New Clues May Reveal Fate of Roanoke Settlers
An illustration of John White returning to Roanoke Island to search for the missing settlers.
It's the coldest case in American history.
The settlers who inhabited the 16th century North Carolina colony of Roanoke mysteriously disappeared centuries ago, leaving behind only two clues: the words "Croatoan" and "Cro" carved into a fort's gatepost and a nearby tree.
Many conspiracy theories have been concocted as to what happened in 1590, a mere three years after the colonists arrived in North America, but none have proven fruitful. Until now. Technological advances and the discovery of a cover-up on an ancient map have let researchers unearth new clues that may help bring an end to the mystery of America's lost colony.
Researchers began reinvestigating the mysterious disappearance after they noticed two strange patches on a long-forgotten map of the area called "La Virginea Pars" drawn by the colony's governor John White. Researchers at the First Colony Foundation in Durham, N.C., believed the two patches might be covering up something revealing.
The map was analyzed by scientists at the British Museum, who discovered a small red-and-blue symbol.
"Our best idea is that parts of [Sir Walter] Raleigh's exploration in North America were a state secret, and the map 'cover-up' was an effort to keep information from the public and from foreign agents," historian and principal investigator Eric Klingelhofer of Mercer University in Macon, Ga., told National Geographic, which partially funded the effort.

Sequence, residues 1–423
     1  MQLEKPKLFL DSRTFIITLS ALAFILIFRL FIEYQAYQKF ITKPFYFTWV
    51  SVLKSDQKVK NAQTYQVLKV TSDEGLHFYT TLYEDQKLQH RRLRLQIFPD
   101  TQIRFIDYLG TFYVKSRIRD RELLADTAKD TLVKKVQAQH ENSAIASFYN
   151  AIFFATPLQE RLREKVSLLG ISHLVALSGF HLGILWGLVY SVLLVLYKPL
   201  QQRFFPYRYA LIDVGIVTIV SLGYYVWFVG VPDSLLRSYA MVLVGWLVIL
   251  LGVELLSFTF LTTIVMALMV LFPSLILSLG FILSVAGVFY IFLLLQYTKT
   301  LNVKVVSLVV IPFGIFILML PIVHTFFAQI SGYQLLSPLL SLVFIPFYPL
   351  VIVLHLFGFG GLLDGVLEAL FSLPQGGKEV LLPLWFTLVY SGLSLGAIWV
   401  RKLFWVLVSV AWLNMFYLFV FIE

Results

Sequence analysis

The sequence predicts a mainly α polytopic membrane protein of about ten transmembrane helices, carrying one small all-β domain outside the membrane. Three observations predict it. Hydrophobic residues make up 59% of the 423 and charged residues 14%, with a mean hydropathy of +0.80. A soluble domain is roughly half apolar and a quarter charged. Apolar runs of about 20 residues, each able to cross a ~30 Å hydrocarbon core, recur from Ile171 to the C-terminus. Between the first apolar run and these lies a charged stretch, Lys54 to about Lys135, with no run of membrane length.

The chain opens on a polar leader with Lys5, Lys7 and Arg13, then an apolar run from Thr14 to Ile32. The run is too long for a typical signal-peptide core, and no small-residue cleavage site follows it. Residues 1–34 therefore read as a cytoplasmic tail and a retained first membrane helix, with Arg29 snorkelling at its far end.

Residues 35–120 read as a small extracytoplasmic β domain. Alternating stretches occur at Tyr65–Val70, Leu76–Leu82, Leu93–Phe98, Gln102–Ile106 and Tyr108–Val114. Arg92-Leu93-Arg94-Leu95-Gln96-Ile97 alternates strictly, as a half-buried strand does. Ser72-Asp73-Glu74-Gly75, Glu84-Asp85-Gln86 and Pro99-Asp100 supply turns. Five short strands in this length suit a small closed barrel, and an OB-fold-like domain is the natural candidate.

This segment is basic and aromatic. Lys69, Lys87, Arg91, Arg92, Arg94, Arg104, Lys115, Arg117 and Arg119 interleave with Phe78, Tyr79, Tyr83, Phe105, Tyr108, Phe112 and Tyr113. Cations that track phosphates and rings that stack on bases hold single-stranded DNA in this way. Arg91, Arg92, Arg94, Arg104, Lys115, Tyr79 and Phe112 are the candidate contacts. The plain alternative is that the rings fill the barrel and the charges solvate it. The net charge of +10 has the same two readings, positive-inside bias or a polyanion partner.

Historians believe that the symbol may have been the location of a fort the settlers fled to, running from violence or disease.
"It's obvious that that's the only way they could have survived. No single Indian tribe or village could have supported them ... They were over a hundred people," Klingelhofer said.
The current theory is that the colonists fled 50 miles south to Hatteras Island, then known as Croatoan Island. Klingelhofer suggests they may have gone in a different direction.
He believes the settlers traveled west via the Albermarle Sound to the Chowan River where there might have been a protected inlet occupied by a friendly tribe.
"It's a very strategic place, right at the end of Albemarle Sound," he said. "You can go north up the Chowan River to Virginia or west to the Blue Ridge Mountains. They were big trading partners with other Native American tribes."
Once the researchers uncovered the secrets of the "La Virginea Pars" map, they scheduled a trip to visit the area along with the help of magnetometers and ground-penetrating radar (GPR).
"What we do is we get the oldest maps we can find—so we can get a historic sense of what was there and what's there now—and orient them," said research associate Malcolm LeCompte at Elizabeth City State University in North Carolina, who was responsible for the GPR.
He looked for similarities between the old map and the current topography. The researchers than used GPR, which sends radio waves into the ground and measures the echo of the signals that bounce off of objects underground.
LeCompte and his team found a previously undiscovered pattern that indicated the possibility of multiple wooden structures approximately 3 feet underground.
"I don't know if it's one or a group [of structures]," he said, adding that they "could be joined or they could be close together."
The mere presence of the buried structure indicates that there was a colonial presence in the area. However, while the new information has begun to give archaeologists a clearer view as to what might have happened to the Roanoke colony, there are still pieces to the puzzle that remain unfound. What's the next step in solving this age-old mystery?
"We have to go in and dig some holes, I guess," Swindell said.
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